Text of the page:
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Richler, Nancy 1957-

RICHLER, Nancy 1957-

PERSONAL:

Born 1957, in Montreal, Quebec, Canada; daughter of Meyer and Dianne Richler; partner of Vicki Trerise. Ethnicity: "Jewish." Education: Brandeis University, B.A. (history), 1979; Simmons College, M.S.W., 1981. Religion: Jewish.

ADDRESSES:

Home—Vancouver, British Columbia, Canada. Agent—Dean Cooke, 278 Bloor St. E., #305, Toronto, Ontario, M4W 3M4, Canada. E-mail—[email protected].

CAREER:

Novelist and author of short fiction.

MEMBER:

Writers Union of Canada.

AWARDS, HONORS:

Arthur Ellis Award for Best First Crime Novel shortlist, 1996, for Throwaway Angels; third prize, Prairie Fire Long Short Fiction Contest, 1999; Canadian Jewish Book Award for fiction, 2003, for Your Mouth Is Lovely.

WRITINGS:

Throwaway Angels, Press Gang (Vancouver, British Columbia, Canada), 1996.

Your Mouth Is Lovely, Ecco Press (New York, NY), 2002.

Contributor to literary journals. Your Mouth Is Lovely has been translated into six languages.

SIDELIGHTS:

Canadian fiction writer Nancy Richler's second novel, Your Mouth Is Lovely, takes place in Siberia shortly after the Russian Revolution of 1905.

In the novel, the year is 1911, and twenty-three-year-old Russian Jew Miriam is incarcerated for life in a prison camp. As an escape from the confines where she has been for the past five years, she recalls her childhood in a small village as her country stood on the brink of the portentous change that would force an unwieldy Russia into the twentieth century. Unwanted by her parents—her mother committed suicide shortly after Miriam's birth—and disfigured as a child, Miriam has lived on the fringes of her impoverished, emotionally distant family, but has also been deeply influenced by the unconventional independence of her stepmother Tsila. Now she reflects not only on her distant past but also on the events that lead her to join Kiev's growing socialist movement. This decision ultimately results in Miriam's arrest as a revolutionary and condemns her to a bleak future as a political prisoner. Forced to give up her infant daughter Hayya and send the girl to live with an aunt in Canada, Miriam now writes down her reflections in the form of a letter to the child she will never know, and questions the meaning of her life.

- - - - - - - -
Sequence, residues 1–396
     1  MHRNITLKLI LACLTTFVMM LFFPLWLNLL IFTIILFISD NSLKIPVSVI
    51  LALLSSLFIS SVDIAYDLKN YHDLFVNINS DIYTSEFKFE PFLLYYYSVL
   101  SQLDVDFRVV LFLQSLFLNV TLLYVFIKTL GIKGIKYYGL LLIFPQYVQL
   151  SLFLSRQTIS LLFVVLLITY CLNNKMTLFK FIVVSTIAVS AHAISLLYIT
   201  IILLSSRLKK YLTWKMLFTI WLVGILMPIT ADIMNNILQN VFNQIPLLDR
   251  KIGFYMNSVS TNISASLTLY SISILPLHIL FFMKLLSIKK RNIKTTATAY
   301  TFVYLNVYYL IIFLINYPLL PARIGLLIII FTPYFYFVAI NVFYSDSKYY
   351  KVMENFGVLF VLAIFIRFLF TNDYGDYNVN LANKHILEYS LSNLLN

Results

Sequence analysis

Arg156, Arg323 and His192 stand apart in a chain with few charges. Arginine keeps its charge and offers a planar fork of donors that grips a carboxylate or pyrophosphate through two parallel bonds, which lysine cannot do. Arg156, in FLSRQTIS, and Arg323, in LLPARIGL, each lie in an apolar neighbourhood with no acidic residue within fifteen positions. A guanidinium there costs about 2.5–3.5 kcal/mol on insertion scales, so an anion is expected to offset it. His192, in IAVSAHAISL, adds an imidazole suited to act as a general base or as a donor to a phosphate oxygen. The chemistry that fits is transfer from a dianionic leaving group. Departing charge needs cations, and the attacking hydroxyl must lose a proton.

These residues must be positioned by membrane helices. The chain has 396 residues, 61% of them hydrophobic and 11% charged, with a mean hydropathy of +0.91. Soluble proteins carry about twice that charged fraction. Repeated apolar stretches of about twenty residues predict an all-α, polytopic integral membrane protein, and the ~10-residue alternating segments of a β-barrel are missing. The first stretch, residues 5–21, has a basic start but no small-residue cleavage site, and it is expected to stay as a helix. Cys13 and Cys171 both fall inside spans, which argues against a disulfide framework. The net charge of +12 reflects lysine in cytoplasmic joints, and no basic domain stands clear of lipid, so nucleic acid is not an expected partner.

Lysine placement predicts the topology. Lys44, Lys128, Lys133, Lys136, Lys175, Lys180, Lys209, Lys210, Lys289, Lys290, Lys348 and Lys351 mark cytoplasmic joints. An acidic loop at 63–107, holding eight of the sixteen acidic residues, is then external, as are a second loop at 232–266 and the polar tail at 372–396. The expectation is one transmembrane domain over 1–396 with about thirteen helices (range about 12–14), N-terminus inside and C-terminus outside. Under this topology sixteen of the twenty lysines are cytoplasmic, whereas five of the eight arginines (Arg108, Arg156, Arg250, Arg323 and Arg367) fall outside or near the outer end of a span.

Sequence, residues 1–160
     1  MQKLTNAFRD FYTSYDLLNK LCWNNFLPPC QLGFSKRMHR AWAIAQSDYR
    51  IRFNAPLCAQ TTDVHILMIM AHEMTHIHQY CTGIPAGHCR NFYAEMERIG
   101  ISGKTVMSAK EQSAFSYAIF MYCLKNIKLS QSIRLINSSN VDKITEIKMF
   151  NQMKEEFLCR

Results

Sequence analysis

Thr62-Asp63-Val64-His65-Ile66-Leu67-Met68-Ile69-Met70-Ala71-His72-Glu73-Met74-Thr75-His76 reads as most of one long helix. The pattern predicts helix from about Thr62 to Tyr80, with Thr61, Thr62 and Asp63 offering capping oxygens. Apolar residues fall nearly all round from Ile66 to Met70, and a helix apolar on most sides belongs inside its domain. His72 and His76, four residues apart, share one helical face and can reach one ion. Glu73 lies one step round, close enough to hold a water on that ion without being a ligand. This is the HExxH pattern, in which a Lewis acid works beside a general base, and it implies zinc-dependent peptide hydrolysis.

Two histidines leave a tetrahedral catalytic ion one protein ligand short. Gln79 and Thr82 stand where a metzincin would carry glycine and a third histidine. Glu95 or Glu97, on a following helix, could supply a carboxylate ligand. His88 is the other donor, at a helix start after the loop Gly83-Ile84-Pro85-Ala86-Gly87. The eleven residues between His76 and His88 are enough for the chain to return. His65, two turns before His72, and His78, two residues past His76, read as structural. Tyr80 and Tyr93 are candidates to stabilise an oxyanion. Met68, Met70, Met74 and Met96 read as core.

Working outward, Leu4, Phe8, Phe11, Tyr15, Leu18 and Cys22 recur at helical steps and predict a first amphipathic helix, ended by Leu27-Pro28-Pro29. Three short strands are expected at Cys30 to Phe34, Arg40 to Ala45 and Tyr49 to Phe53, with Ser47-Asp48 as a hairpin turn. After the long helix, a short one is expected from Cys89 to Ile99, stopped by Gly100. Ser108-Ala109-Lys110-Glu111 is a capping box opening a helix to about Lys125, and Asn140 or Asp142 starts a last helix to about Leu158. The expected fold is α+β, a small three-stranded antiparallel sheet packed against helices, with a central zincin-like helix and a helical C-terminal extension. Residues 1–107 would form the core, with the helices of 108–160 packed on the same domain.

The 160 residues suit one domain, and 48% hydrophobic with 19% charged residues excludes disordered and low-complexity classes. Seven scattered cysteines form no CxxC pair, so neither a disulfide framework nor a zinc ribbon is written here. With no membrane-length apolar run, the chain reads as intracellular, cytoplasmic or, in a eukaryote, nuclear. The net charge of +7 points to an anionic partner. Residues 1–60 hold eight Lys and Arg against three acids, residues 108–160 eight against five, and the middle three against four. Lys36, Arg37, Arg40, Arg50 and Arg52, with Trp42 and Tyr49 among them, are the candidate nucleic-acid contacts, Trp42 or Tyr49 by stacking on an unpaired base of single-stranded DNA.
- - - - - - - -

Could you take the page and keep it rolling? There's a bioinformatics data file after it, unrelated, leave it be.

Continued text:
A Publishers Weekly reviewer praised Your Mouth Is Lovely as "haunting," and Richler's characters as "unforgettable" and "deeply nuanced." In Booklist, contributor Kathleen Hughes dubbed it a "stunning novel that readers won't be able to put down." Recognizing the "admirable research" done by the author, a Kirkus Reviews critic commended in particular the "quietly assured detail" used to describe Miriam's childhood in Bellarus. Calling Your Mouth Is Lovely a "refreshing departure from most novels about revolution," Maclean's contributor Sue Ferguson concluded that in Richler's mix of historic fact and fiction "both story and texture leave a lasting impression." "Such is the power of her craft," Library Journal reviewer Edward Cone noted of Richler, "that Miriam's story transcends the mundane" and stands on a par with the revolution-era novels of Fyodor Dostoevsky.

Richler's first full-length novel, Throwaway Angels, was penned as a quasi-mystery. Her protagonist, a lesbian laundromat clerk in her thirties named Tova, sees the troubled lives of runaways from a safe distance, but is forced to leave the security of her quiet life after her friend Gina disappears. In trying to track down Gina, Tova is forced to truly understand her friend and, in the process, question her own life choices. In addition to working on novel-length works, Richler has penned a number of short stories that have appeared in literary magazines in both the United States and Canada.

BIOGRAPHICAL AND CRITICAL SOURCES:

PERIODICALS

Booklist, November 1, 2002, Kathleen Hughes, review of Your Mouth Is Lovely, p. 474.

Books in Canada, November, 1996, Eva Tihanyi, review of Throwaway Angels, p. 36.

Boston Globe, December 26, 2002, Judith Maas, review of Your Mouth Is Lovely.

Forward, January 31, 2003, Janet Burstein, review of Your Mouth Is Lovely.

Globe and Mail (Toronto, Ontario, Canada), October 5, 2002, Mark Frutkin, review of Your Mouth Is Lovely.

Jerusalem Report, February 24, 2003, Leah Eichler, review of Your Mouth Is Lovely.

Kirkus Reviews, September 15, 2002, review of Your Mouth Is Lovely, p. 1341.

Lambda Book Report, February, 1997, Judith Stelboum, review of Throwaway Angels, p. 23.

Library Journal, November 1, 1996, Rex E. Klett, review of Throwaway Angels, p. 111; October 15, 2002, Edward Cone, review of Your Mouth Is Lovely, p. 95.

Literary Review of Canada, December, 2002, Robin Roger, review of Your Mouth Is Lovely.

Los Angeles Times, December 13, 2002, Mark Rozzo, review of Your Mouth Is Lovely.

Maclean's, December 2, 2002, Sue Ferguson, review of Your Mouth Is Lovely, p. 64.

Montreal Gazette, September 21, 2002, Donna Bailey Nurse, review of Your Mouth Is Lovely.

National Post (Toronto, Ontario, Canada), October 12, 2002, Robin Roger, review of Your Mouth Is Lovely.

New Yorker, December 2, 2002, review of Your Mouth Is Lovely.

Publishers Weekly, October 7, 2002, review of Your Mouth Is Lovely, p. 50.

Quill & Quire, October, 1996, Maureen Phillips, review of Throwaway Angels, p. 31.

Vancouver Sun, September 21, 2003, Sara Dowse, review of Your Mouth Is Lovely.

Winnipeg Free Press, September 29, 2002, Sharon Chisvin, review of Your Mouth Is Lovely.

ONLINE

Bookreporter.com,http://www.bookreporter.com/ (April 8, 2003), Sarah Rachel Egelman, review of Your Mouth Is Lovely.

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